Colorectal Cancer

What is colorectal cancer?

Colorectal cancer is malignant cells found in the colon or rectum. The colon and the rectum are parts of the large intestine, which is part of the digestive system. Because colon cancer and rectal cancers have many features in common, they are sometimes referred to together as colorectal cancer. Cancerous tumors found in the colon or rectum also may spread to other parts of the body.

Excluding skin cancers, colorectal cancer is the third most common cancer in both men and women. It is estimated by the American Cancer Society that 146,970 colorectal cancer cases are expected in 2009. The number of deaths due to colorectal cancer has decreased, which is attributed to increased screening and polyp removal.

What are the types of colorectal cancer?

A type of cancer called adenocarcinoma accounts for more than 95 percent of colorectal cancers. It is the type we focus on in this section. These are other types of cancer that can be found in the colon and rectum, but they are rare.

Here is an overview of the types of colorectal cancer:

  • adenocarcinoma
    Adenocarcinomas are tumors that start in the lining of internal organs. "Adeno" means gland. These tumors start in cells with glandular properties, or cells that secrete. They can form in many different organs, such as the lung or the breast. In colorectal cancer, early tumors start as small adenomatous polyps that continue to grow and can then turn into malignant tumors. The vast majority of colorectal cancers are adenocarcinomas.

  • gastrointestinal stromal tumors (GIST)
    These are tumors that start in the muscle tissue of the colon. They can be benign (noncancerous) at first, but many do turn into cancer. When this happens, they are called sarcomas. Surgery is the usual treatment.

  • lymphoma
    A lymphoma is a cancer that typically starts in a lymph node, which is part of the immune system. However, it can also start in the colon or rectum. There are different kinds of lymphomas. In general, lymphomas fall into two categories - Hodgkin disease and non-Hodgkin lymphoma.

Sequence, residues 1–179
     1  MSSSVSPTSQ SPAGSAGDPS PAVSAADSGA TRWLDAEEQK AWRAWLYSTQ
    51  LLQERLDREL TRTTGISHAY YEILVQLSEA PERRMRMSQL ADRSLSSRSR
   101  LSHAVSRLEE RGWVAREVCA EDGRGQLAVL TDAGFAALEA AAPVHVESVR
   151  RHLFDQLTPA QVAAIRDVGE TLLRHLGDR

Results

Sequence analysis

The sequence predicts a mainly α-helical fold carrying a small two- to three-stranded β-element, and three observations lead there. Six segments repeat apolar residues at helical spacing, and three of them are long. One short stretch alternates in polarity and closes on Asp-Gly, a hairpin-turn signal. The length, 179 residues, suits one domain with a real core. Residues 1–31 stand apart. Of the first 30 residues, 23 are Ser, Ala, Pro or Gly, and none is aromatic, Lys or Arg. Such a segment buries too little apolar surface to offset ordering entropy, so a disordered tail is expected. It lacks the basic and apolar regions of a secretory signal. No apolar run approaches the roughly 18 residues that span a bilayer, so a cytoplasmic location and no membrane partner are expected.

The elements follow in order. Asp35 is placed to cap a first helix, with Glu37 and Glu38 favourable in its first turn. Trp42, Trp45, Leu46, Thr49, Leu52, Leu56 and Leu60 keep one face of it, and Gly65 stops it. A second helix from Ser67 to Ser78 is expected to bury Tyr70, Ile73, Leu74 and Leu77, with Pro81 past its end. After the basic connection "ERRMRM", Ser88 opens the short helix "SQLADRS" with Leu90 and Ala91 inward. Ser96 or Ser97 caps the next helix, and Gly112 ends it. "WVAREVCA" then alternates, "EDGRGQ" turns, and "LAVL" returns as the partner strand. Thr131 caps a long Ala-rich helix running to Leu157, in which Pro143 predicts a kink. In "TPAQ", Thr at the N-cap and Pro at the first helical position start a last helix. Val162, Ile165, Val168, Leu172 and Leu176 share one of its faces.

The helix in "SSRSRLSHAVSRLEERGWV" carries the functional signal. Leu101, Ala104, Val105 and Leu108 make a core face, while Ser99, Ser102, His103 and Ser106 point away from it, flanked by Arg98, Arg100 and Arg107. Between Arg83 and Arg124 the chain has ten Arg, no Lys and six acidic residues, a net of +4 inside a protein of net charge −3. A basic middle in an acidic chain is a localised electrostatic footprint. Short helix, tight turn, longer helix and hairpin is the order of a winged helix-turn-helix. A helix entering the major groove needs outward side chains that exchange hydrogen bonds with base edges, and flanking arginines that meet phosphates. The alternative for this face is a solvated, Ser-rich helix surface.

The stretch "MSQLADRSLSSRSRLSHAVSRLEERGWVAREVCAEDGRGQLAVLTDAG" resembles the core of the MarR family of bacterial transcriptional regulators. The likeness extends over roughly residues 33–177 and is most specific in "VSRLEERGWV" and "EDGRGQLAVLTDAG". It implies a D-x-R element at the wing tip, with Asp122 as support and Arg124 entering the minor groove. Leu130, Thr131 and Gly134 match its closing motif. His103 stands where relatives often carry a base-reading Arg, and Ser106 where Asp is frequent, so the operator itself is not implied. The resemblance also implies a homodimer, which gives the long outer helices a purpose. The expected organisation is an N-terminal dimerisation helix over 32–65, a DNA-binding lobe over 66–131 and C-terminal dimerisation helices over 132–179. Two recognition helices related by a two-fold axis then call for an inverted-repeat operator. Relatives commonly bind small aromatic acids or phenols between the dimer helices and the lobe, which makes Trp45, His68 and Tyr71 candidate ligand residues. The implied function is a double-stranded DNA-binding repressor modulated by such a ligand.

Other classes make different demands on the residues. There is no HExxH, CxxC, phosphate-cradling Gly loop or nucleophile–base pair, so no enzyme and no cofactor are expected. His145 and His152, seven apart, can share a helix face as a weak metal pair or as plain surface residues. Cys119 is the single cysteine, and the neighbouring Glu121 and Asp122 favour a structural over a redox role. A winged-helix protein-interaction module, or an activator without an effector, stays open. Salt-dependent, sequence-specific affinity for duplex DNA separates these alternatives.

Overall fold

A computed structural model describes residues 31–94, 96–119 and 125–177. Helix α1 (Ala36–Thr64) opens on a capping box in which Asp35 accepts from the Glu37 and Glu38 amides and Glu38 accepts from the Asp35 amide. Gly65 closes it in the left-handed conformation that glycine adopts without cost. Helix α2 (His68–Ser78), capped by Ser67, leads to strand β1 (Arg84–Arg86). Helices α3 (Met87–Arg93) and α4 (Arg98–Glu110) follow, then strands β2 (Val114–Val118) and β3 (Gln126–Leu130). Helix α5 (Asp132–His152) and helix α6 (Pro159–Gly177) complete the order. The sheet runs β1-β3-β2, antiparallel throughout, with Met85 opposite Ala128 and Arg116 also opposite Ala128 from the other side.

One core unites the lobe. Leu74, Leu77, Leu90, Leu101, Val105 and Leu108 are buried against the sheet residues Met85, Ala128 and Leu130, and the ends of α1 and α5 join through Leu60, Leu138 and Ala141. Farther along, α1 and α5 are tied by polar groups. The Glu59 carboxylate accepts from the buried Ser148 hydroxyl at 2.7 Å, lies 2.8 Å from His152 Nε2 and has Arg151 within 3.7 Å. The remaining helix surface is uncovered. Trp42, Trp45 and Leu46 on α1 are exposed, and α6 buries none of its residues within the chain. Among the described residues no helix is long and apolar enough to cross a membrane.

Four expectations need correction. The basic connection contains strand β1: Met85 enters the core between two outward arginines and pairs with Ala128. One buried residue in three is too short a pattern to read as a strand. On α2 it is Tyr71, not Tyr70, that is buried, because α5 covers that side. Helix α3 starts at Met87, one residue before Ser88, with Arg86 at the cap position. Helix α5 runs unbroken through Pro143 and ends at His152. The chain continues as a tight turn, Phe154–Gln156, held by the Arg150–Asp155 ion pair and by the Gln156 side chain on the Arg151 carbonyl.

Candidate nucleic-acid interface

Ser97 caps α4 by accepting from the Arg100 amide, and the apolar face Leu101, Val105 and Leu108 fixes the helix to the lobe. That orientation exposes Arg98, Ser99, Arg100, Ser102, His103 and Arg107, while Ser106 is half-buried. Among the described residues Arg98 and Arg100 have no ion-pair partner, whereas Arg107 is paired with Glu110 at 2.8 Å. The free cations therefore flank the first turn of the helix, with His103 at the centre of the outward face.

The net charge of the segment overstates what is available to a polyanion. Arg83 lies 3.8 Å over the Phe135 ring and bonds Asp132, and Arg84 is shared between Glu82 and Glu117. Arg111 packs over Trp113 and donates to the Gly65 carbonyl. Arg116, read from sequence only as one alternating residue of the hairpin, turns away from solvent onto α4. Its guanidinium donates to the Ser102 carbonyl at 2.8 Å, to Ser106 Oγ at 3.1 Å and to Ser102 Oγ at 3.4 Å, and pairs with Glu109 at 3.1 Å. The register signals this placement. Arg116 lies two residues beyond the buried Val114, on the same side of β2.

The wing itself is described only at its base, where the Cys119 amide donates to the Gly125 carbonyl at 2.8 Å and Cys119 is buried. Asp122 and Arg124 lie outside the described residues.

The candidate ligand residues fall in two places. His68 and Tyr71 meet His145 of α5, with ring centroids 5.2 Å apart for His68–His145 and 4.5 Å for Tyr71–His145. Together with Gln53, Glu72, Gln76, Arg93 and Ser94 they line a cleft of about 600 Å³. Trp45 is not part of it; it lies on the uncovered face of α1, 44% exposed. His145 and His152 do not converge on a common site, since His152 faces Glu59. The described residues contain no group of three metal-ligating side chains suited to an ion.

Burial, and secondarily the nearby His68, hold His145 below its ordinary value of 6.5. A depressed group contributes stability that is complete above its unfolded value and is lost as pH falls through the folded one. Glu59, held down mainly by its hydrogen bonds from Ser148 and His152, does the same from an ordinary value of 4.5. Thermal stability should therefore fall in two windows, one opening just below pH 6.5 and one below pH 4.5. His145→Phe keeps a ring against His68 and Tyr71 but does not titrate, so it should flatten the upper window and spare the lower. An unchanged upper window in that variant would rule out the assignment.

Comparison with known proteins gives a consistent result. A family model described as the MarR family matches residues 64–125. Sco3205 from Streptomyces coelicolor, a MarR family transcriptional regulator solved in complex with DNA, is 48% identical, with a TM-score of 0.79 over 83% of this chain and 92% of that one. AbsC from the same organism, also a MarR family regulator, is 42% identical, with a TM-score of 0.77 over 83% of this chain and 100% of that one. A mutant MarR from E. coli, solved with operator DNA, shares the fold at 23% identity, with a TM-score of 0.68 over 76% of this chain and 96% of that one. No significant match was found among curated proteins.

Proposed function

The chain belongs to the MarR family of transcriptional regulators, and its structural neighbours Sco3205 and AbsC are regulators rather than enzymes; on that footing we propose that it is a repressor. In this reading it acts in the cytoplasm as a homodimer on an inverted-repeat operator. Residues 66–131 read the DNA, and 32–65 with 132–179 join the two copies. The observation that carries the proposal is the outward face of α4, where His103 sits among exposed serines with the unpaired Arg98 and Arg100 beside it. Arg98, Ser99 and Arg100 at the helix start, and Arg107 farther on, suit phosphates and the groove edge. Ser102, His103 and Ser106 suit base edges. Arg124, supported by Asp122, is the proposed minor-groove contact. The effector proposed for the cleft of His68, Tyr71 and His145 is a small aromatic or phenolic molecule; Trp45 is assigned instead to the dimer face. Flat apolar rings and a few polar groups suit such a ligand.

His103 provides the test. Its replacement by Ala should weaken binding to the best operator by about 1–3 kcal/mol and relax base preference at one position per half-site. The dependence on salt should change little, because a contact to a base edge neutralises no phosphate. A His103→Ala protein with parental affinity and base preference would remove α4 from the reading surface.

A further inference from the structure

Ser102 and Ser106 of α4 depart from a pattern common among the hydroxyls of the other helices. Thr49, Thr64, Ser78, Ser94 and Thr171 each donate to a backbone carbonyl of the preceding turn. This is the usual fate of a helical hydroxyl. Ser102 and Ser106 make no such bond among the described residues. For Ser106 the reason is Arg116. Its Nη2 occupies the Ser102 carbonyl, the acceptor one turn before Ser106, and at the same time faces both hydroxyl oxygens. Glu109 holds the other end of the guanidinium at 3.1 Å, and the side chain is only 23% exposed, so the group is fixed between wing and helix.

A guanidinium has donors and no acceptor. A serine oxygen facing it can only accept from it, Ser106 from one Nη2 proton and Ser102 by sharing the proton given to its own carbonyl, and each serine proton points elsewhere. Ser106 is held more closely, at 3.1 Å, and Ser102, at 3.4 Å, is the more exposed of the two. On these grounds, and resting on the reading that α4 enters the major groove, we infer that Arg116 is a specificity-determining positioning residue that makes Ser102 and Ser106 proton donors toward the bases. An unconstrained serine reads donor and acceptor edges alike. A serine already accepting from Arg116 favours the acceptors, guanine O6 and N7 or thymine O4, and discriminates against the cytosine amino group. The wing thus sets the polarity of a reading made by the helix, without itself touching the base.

• carcinoids
    Carcinoids are tumors caused by hormones. They start in special hormone-producing cells in the intestine. Often they cause no symptoms. Surgery is the usual treatment.

What are the symptoms of colorectal cancer?

The following are the most common symptoms of colorectal cancer. However, each individual may experience symptoms differently.

People who have any of the following symptoms should check with their physicians, especially if they are over 50 years old or have a personal or family history of the disease:

  • a change in bowel habits such as diarrhea, constipation, or narrowing of the stool that lasts for more than a few days

  • rectal bleeding or blood in the stool

  • cramping or gnawing stomach pain

  • decreased appetite

  • vomiting

  • weakness and fatigue

  • jaundice - yellowing of the skin and eyes

The symptoms of colorectal cancer may resemble other conditions, such as infections, hemorrhoids, and inflammatory bowel disease. It is also possible to have colon cancer and not have any symptoms. Always consult your physician for a diagnosis.

What are the risk factors for colorectal cancer?

Risk factors may include:

  • age
    Most people who have colorectal cancer are over age 50, however, it can occur at any age.

  • race
    African Americans have the highest risk for colorectal cancer.

  • diet
    Colorectal cancer is often associated with a diet high in red and processed meats.

  • polyps
    Benign growths on the wall of the colon or rectum are common in people over age 50, and are believed to lead to colorectal cancer.

  • personal history
    People who have had colorectal cancer or a history of adenomatous polyps have an increased risk for colorectal cancer.

  • family history
    People with a strong family history of colorectal cancer or polyps in a first-degree relative (especially in a parent or sibling before the age of 60 or in two first-degree relatives of any age), have an increased risk for colorectal cancer.

  • ulcerative colitis or Crohn's disease
    People who have an inflamed lining of the colon have an increased risk for colorectal cancer.

  • inherited syndromes, such as familial adenomatous polyposis (FAP) or hereditary nonpolyposis colon cancer (HNPCC)

  • obesity

  • physical inactivity

  • heavy alcohol consumption

  • type 2 diabetes

  • smoking

Did You Know?

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